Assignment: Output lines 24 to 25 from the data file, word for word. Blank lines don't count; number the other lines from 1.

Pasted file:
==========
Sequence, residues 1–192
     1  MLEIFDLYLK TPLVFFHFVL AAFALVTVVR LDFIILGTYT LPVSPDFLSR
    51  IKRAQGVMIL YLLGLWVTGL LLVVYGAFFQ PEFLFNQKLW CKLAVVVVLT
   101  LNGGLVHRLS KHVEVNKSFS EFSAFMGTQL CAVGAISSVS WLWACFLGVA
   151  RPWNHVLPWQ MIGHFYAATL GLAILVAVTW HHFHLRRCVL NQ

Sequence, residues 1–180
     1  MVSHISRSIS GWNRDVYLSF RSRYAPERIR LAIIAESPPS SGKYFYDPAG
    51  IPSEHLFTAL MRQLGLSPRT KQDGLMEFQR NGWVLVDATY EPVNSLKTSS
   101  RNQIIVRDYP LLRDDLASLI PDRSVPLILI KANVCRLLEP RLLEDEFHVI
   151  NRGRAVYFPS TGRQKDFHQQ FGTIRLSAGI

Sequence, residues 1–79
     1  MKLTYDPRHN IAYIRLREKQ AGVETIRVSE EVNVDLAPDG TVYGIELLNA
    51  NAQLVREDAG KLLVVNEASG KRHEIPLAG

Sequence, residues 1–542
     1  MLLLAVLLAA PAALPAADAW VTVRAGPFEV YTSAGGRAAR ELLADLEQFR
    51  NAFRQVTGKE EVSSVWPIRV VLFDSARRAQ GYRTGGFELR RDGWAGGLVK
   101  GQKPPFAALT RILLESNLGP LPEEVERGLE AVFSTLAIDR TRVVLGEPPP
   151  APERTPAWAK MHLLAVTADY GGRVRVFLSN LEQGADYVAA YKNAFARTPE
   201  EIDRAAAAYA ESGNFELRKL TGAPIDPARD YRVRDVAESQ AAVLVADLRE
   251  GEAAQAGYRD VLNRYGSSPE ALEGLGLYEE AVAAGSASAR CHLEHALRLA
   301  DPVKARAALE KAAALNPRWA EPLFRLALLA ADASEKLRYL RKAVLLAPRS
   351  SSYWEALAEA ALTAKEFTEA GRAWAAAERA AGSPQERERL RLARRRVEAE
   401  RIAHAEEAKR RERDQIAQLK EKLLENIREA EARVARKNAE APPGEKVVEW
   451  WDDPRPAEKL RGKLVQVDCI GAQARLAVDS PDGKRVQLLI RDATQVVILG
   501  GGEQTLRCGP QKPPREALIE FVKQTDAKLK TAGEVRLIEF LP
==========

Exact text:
   451  WDDPRPAEKL RGKLVQVDCI GAQARLAVDS PDGKRVQLLI RDATQVVILG
   501  GGEQTLRCGP QKPPREALIE FVKQTDAKLK TAGEVRLIEF LP